We often take information security for granted. As long as all systems are a “go” we don’t worry much about the inner workings of our systems or network. The sharing of information within a business, however, makes it necessary for IT security to continuously be analyzed to avoid leaking of information or a system-wide meltdown due to viruses or internal errors.
We’re all a little guilty of this, right? We take our laptop computers to bed, either to relax while we get work done or just to watch our favorite show before bed, but the fact is taking your laptop to bed can cause a myriad of health problems for you and tech problems for your laptop.
Sensitive information in the wrong hands could lead to identity theft, which is why financial institutions are held to a high standard when it comes to protecting customers’ personal, financial information. Likewise, when it comes time to make a hardware or software change, federal mandates require the proper destruction of this information. This leave several business owners and operators wondering how to best go about disposing of old computer and hardware that have personal, financial information.
Pop quiz: Do you know when hurricane season is? Many people associate hurricanes with the warmer weather months, but the fact is, September is only halfway through the season, which runs through the end of November.
Our home hubs in Charleston, Columbia and Baton Rogue that service clients all along the east coast, are no stranger to inclement weather, so it is important for these businesses and those like them to have a business continuity plan.
Your business is your livelihood, and the locks that protect it are your passwords. We’ve already written about why a hacker may be trying to hack your small business, and this is a very real threat, as business moves towards a more digital platform.
Let’s first start with the basics, and then move on to more advanced solutions that will help keep your accounts and information safe.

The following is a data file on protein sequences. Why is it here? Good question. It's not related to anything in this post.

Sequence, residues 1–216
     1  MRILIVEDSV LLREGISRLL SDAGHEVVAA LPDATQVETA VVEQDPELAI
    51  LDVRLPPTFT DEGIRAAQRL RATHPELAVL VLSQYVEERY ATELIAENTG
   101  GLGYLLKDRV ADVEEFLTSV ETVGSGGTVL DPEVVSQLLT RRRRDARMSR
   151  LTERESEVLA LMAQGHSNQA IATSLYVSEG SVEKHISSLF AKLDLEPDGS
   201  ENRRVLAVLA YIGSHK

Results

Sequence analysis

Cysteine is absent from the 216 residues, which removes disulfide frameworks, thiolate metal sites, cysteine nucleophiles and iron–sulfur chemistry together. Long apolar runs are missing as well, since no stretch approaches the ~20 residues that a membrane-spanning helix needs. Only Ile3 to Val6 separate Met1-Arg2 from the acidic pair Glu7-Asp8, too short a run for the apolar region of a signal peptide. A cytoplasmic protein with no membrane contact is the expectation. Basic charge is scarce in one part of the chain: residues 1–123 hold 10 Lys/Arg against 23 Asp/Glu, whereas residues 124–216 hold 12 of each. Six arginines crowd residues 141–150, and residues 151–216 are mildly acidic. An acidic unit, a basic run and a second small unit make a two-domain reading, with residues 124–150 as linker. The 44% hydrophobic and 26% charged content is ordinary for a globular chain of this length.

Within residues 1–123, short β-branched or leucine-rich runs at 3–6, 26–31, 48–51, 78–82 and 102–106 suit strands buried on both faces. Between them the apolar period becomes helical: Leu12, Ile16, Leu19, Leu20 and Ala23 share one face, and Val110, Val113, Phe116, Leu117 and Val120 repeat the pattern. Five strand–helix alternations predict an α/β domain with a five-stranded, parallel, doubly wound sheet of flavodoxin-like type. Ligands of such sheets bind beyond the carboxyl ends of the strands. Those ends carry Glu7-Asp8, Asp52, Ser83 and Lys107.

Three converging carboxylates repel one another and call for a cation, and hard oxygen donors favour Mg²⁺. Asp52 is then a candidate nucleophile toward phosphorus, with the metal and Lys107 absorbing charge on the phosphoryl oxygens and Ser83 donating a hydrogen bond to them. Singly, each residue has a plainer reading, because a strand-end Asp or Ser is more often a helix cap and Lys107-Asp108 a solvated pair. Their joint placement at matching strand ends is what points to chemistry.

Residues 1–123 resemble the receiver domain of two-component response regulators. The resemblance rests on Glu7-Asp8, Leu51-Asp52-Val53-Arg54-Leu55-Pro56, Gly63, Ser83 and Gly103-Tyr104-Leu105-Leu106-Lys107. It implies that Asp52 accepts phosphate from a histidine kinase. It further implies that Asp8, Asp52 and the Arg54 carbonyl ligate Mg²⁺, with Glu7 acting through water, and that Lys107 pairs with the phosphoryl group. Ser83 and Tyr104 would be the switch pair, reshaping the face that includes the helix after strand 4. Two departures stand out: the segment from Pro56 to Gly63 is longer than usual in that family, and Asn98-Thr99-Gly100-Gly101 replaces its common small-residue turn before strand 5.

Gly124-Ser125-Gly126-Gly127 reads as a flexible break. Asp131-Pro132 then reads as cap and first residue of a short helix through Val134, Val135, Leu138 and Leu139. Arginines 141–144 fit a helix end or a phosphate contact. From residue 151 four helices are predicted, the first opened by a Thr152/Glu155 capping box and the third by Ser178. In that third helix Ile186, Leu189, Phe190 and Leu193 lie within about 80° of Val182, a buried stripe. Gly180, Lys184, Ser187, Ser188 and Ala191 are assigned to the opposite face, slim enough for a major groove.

When you think of the term “hacker,” what pops into your mind? If you’re like most people, it is the classic Hollywood image of a man in a back room, steadily typing away, or a secret military operation.
While large-scale hacking attempts do exist, and international cyber hacking by national governments is making the news, the truth is small and medium-sized business are prime targets for hackers.
Imagine this: you’re standing in line at your favorite coffee shop, waiting to get your morning caffeine. Then you remember that today is your turn to pick up lunch for the office. You take out your cellphone and search for your favorite, local restaurant. Once the site loads, you find that it is difficult to navigate—you are constantly scrolling up and down, left and right, to view the menu and find contact information. Frustrated, you decide to go with another option, and besides, by now it is your turn to order a morning latte.
Where did the restaurant fail? They did not have a responsive design for their website.
As a business owner, you already know technology is more than a necessary evil—it is the lifeblood of your organization.. Nearly every business now relies on IT to run their operations, whether it is a phone system (such as VoIP), e-mail hosting or backing up your data. How do you manage to have great IT support on a budget?
The average lifetime of a desktop computer is five to seven years. A laptop? Four to six. Of course, we all know that many don’t even make it that far. As technology barrels forward, you may find yourself purchasing a new computer every two to three years for software and hardware updates—or maybe you’re just keeping up with The Jones’ (we understand that, too).
Anticipation. Reading pre-release reviews. Long lines.
Remember the thrill of being the first to get the latest technology? We wanted to take a look back on the greatest innovations of yesteryear, to see just how far we have come since the first prototypes of today’s most commonplace technology.